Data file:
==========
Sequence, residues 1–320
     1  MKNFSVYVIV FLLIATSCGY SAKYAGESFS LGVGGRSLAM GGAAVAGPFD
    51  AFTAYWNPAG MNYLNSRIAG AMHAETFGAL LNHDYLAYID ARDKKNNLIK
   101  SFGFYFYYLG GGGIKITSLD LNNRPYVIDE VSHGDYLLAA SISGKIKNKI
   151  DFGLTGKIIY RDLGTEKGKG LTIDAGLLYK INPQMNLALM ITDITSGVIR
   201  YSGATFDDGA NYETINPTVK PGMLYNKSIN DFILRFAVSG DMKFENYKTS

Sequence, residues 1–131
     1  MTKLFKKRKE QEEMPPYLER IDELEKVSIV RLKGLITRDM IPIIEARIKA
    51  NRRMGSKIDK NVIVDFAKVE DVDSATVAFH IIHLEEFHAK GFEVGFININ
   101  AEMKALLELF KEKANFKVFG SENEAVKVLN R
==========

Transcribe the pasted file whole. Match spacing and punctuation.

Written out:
Sequence, residues 1–320
     1  MKNFSVYVIV FLLIATSCGY SAKYAGESFS LGVGGRSLAM GGAAVAGPFD
    51  AFTAYWNPAG MNYLNSRIAG AMHAETFGAL LNHDYLAYID ARDKKNNLIK
   101  SFGFYFYYLG GGGIKITSLD LNNRPYVIDE VSHGDYLLAA SISGKIKNKI
   151  DFGLTGKIIY RDLGTEKGKG LTIDAGLLYK INPQMNLALM ITDITSGVIR
   201  YSGATFDDGA NYETINPTVK PGMLYNKSIN DFILRFAVSG DMKFENYKTS

Sequence, residues 1–131
     1  MTKLFKKRKE QEEMPPYLER IDELEKVSIV RLKGLITRDM IPIIEARIKA
    51  NRRMGSKIDK NVIVDFAKVE DVDSATVAFH IIHLEEFHAK GFEVGFININ
   101  AEMKALLELF KEKANFKVFG SENEAVKVLN R